How the IoT is humanising the digital revolution
How the IoT is humanising the digital revolution

How the IoT is humanising the digital revolution

Infosys’ Ravi Kumar argues that IoT is driving digital revolution in business, from simplifying internal processes to generating new and imaginative ways of working.

In this hyper-connected digital age, companies are trying to formulate their strategies for coping with, and using, digital-enablement for commerce.

How organisations interact with information and digital services, both externally and internally, is changing, whilst Internet of Things (IoT) strategies are being drawn up to change, simplify and humanise the way that businesses operate.

One way to think about this digital transformation is to consider how technology is connecting with internal and external end users. The digital experiences that form the basis of our lives today – from the likes of Uber, Deliveroo and Airbnb – are about making services and information more relevant, immediate and more desirable.

What works in the consumer sector is increasingly being ported to the B2B world too – and largely in this bid to simplify internal business activities and data gathering.

There is also emerging an extreme scale of cost performance. The advent of more intelligent, automated and connected systems means businesses can execute increasingly sophisticated tasks. Digital disintermediation has reduced the distance between producers, data, services and users to zero. The middle layers, with all its complexities, have been stripped away. This has brought down costs dramatically.

Also read: How to get C-level execs to back your Internet of Things project

Changing business through IoT

There are two aspects to managing digital revolution in any sector. One that seeks to make improvements, delivering efficiencies through the transformation of atoms to bits like the implementation of smart heating controls in a home or office. Another that tries to redefine the landscape in a wave of massive change to the customer experience, like the shift from analogue to digital broadcasting. The IoT is playing a leading role is driving this agenda.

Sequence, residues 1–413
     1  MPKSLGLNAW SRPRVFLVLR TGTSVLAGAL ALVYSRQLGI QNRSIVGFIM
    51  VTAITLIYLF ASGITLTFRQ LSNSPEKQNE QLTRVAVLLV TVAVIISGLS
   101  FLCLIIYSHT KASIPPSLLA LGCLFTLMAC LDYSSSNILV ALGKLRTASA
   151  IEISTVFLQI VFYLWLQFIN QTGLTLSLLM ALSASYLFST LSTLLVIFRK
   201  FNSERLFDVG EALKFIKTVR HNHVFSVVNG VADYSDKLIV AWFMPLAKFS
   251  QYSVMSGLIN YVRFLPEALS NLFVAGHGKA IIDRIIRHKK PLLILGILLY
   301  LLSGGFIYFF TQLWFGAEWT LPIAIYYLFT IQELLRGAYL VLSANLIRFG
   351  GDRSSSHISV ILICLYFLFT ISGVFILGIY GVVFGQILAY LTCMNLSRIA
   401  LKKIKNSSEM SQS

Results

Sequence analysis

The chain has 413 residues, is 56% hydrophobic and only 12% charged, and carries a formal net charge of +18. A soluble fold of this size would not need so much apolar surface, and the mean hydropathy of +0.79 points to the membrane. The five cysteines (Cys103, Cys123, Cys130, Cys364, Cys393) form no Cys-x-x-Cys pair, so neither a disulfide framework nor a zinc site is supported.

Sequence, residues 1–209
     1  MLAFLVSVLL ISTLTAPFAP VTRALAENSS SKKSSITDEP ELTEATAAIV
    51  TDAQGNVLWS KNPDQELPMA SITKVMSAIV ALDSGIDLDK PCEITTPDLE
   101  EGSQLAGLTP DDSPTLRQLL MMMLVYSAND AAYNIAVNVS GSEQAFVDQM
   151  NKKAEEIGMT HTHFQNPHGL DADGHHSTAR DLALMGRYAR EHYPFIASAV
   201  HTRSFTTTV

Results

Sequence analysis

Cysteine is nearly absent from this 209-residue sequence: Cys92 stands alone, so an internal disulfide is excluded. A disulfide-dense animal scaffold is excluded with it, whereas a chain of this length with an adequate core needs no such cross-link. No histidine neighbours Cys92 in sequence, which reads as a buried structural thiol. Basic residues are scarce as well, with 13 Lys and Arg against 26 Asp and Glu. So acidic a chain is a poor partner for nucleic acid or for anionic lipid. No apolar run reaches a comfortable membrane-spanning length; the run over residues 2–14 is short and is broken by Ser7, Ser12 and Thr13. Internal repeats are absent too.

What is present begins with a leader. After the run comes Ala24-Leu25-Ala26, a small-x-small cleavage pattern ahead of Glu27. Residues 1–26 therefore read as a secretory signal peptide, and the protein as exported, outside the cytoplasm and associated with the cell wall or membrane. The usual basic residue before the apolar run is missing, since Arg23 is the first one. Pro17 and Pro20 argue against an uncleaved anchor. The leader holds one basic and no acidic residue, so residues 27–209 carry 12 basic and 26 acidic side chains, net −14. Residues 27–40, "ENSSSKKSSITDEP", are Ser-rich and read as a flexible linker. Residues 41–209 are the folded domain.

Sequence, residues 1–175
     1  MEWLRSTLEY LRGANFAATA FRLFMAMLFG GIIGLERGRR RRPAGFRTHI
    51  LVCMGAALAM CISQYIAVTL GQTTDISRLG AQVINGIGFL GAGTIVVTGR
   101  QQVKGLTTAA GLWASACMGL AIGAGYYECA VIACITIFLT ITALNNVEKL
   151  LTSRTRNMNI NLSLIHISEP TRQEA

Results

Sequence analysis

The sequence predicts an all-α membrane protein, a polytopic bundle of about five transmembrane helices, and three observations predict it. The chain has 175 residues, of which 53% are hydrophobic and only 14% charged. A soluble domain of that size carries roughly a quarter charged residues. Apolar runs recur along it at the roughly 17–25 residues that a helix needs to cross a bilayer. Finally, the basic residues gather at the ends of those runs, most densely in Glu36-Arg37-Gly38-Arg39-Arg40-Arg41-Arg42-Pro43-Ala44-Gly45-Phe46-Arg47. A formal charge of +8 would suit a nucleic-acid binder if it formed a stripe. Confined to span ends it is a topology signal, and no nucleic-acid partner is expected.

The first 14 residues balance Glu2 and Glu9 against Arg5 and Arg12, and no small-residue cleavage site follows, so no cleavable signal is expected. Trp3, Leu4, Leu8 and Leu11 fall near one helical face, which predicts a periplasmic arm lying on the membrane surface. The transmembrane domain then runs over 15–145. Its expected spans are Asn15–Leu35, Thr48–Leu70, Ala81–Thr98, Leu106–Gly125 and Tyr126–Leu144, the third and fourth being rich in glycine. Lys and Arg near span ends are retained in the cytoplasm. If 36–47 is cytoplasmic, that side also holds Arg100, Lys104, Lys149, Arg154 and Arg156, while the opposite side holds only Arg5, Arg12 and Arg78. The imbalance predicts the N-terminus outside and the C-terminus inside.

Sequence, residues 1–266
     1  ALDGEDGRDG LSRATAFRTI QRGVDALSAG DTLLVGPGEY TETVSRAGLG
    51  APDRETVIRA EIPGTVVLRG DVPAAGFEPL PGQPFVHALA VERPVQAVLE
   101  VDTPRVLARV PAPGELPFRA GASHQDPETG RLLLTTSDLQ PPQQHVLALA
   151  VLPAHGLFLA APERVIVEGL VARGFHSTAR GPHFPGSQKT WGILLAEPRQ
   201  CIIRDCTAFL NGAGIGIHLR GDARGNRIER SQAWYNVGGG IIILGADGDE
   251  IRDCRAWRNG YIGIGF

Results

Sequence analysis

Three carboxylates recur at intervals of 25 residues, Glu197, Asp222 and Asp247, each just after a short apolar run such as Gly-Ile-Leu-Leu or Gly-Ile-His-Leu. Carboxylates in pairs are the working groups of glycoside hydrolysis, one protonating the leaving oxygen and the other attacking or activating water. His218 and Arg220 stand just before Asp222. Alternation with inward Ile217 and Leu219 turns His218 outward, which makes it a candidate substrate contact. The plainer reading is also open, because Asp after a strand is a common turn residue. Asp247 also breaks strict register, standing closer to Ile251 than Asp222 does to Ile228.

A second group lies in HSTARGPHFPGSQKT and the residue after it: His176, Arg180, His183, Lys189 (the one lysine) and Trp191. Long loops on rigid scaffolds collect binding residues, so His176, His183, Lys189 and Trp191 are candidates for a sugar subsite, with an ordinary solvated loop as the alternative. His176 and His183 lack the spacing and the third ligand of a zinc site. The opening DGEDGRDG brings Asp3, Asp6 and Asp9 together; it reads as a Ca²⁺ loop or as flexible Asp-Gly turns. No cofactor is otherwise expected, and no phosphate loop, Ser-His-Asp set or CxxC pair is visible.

In the enterprise, the IoT can be used to reduce the distance between the points of manufacturing and consumption, between understanding and preventing points of failure in machines, in the making process, and between what the customer wants and what is delivered. It ensures that greater value comes from bringing intelligence directly to the end-points. In doing this the IoT allows for new concepts of ‘making’ and ‘serving’ to emerge from existing industries.

For example, the move by the energy industry into smart metering was designed to eliminate the lag in tracking consumption. It replaced manual meter reading with live, near real-time digital reporting. The by-product of this has been to provide customers with greater visibility of their energy consumption by cost as well as units consumed. It has resulted in a marketplace that is more dynamic, with users that are more informed. As a result, users are better equipped to understand the competitive cost and value of the service being provided.

Consider the case of the insurance company that worked with us to use the IoT to monitor end-user driving behaviour. Not just offer risk protection, but to enable risk prevention. The initiative naturally evolved into a new approach to pricing – that of usage-based insurance. Using an in-car telemetry plug-in, the insurer can monitor and transmit driving proficiency data and generate driving profiles. This led to the shaping of ‘personalised’ premiums that rewarded responsible driving. A market-disruptive innovation that has changed the insurance buying experience and buying dynamics.

Another recent business IoT example is the creation of a ‘digital twin’ for airplane landing gear. Landing gear is a critical subsystem of an aircraft. Continuously improving the reliability of these mission-critical assets, while reducing the development lifecycle, is a task that keeps designers busy every day. Creating the ‘digital twin’ for landing gear by fitting actual hardware with 30 additional critical Internet-connected sensors allowed all operational behaviour and parameters to be virtually tested. This included predicting a gear’s useful remaining life and how that intersected with the number of flights planned for it. What started out as an exercise in predictive maintenance created lasting positive implications for making flying safer.

The IoT enables both computing and traditionally non-computing devices to become connected, allowing us to benefit from a data-rich ecosystem of more intelligent, more responsive, more governed, more mindful machines. Moreover, it amplifies human imagination, taking mundane and routine tasks and allowing them to be automated and digitised. This frees the business and its users to pursue new ideas, new ways of making and working.

Also read: The 10 hottest Internet of Things start-ups

Ravi Kumar S is executive vice president & chief delivery officer at Infosys